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From the Pauli's Exclusion Principle no two electrons in a bound system have all same quantum numbers. This means that an electron can be uniquely specified by the four quantum numbers and hence can be distinguished from others.

I understand we still will not be be able to tell 'which electron' has that set of quantum numbers. So for instance, we cannot tell apart ; electron $1$ having $\{n,m,l,+s\}$ and electron $2$ having $\{n,m,l,-s\}$ from electron $1$ having $\{n,m,l,-s\}$ and electron $2$ having $\{n,m,l,+s\}$.

But why does that matter? We don't need 'electron-$1$' and 'electron-$2$' labels . We can just tag the electron as 'electron -$\{n,m,l,+s\}$' and so on.

To J Murray's comment:

This is from the Tony Genault book on statistical mechanics and this is what I meant in my comment.

In this chapter we shall treat the other type of assembly, in which the particles are distinguishable. The physical example is that of a solid rather than that of a gas. Consider a simple solid which is made up of N identical atoms. It remains true that the atoms themselves are indistinguishable. However, a good description of our assembly is to think about the solid as a set of N lattice sites, in which each lattice site contains an atom. A ‘particle’ of the assembly then becomes ‘the atom at lattice site 4357 (or whatever)’. (Which of the atoms is at this site is not specified.) The particle is distinguished not by the identity of the atom, but by the distinct location of each lattice site. A solid is an assembly of localized particles, and it is this locality which makes the particles distinguishable.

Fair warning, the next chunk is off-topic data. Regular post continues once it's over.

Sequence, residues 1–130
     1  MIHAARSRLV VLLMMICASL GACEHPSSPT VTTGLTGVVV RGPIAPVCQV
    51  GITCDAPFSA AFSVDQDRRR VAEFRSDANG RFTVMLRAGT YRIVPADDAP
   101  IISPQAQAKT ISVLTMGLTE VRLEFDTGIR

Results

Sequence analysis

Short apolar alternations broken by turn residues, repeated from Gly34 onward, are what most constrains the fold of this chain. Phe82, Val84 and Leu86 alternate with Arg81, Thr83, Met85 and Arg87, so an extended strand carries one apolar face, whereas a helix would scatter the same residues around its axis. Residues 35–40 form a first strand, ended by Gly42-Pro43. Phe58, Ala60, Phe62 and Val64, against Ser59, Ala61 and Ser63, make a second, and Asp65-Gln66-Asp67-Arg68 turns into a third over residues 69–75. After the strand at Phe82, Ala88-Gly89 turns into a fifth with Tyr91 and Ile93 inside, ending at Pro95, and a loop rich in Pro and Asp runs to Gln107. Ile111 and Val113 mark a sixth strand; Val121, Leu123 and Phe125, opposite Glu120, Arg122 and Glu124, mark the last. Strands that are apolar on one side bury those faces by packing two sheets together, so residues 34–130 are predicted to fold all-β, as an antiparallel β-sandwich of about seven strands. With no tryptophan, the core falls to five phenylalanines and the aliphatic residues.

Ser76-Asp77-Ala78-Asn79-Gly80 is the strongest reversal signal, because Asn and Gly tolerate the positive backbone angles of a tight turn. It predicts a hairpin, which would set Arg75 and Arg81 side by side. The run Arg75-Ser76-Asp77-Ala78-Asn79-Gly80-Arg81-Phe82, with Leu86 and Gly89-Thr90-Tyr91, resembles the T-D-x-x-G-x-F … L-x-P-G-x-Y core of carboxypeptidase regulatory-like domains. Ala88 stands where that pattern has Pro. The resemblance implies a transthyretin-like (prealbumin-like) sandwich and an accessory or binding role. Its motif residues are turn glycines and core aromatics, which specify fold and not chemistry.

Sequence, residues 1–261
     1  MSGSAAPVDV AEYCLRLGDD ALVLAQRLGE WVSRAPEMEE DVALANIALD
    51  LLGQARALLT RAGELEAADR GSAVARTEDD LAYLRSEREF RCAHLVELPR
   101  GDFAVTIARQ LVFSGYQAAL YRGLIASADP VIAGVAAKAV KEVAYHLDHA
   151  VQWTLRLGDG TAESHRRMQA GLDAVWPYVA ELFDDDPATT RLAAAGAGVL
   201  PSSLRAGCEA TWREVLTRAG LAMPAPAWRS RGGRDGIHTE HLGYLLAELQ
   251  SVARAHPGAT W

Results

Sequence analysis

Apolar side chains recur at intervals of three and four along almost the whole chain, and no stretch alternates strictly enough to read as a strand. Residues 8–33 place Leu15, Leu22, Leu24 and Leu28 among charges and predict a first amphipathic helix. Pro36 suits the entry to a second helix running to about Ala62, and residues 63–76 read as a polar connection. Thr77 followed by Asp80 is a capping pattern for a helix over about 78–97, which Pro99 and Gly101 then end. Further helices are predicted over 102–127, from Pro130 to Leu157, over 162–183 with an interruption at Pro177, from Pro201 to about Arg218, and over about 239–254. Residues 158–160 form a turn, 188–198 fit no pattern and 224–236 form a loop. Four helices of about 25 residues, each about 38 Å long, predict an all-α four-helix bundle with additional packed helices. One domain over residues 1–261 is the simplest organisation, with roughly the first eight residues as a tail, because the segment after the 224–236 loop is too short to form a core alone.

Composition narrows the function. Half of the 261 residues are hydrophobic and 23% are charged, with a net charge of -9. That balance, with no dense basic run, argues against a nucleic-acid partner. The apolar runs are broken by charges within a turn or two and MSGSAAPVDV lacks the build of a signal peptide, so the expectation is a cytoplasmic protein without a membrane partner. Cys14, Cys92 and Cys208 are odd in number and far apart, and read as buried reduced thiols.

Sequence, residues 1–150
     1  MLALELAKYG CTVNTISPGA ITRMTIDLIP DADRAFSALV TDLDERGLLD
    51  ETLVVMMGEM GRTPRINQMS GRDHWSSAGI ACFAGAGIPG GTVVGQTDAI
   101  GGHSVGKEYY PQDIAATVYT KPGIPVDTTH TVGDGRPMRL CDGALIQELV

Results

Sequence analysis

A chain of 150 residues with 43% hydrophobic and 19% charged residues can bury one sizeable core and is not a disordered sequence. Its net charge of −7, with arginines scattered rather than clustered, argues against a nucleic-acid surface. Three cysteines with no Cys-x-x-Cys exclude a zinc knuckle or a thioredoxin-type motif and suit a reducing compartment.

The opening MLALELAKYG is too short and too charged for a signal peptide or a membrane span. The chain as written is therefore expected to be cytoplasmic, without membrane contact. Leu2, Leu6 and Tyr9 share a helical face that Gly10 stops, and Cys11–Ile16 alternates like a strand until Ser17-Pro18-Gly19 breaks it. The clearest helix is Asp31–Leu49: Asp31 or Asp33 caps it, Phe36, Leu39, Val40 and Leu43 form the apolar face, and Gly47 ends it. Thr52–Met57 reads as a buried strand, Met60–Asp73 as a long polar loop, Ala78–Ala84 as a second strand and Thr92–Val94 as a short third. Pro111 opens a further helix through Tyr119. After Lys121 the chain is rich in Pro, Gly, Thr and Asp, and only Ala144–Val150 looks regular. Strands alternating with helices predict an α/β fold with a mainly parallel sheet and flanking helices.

I am interested specifically in the line:

The particle is distinguished not by the identity of the atom, but by the distinct location of each

I can simply rephrase it as:

"The particle is distinguished not by the identity of the atom, but by the distinct quantum numbers of each."

Since even in the initial case of solid, we don't care whether its the same atom at a particular lattice when we look at it the second time but that it is the 'atom at lattice 1435 etc'

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  • $\begingroup$ What is the question? $\endgroup$ Apr 1, 2021 at 23:50

2 Answers 2

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So, from the Pauli's Exclusion Principle no two electrons in a bound system have all same quantum numbers. This means that an electron can be uniquely specified by the four quantum numbers and hence can be distinguished from others. I understand we still will not be be able to tell 'which electron' has that set of quantum numbers.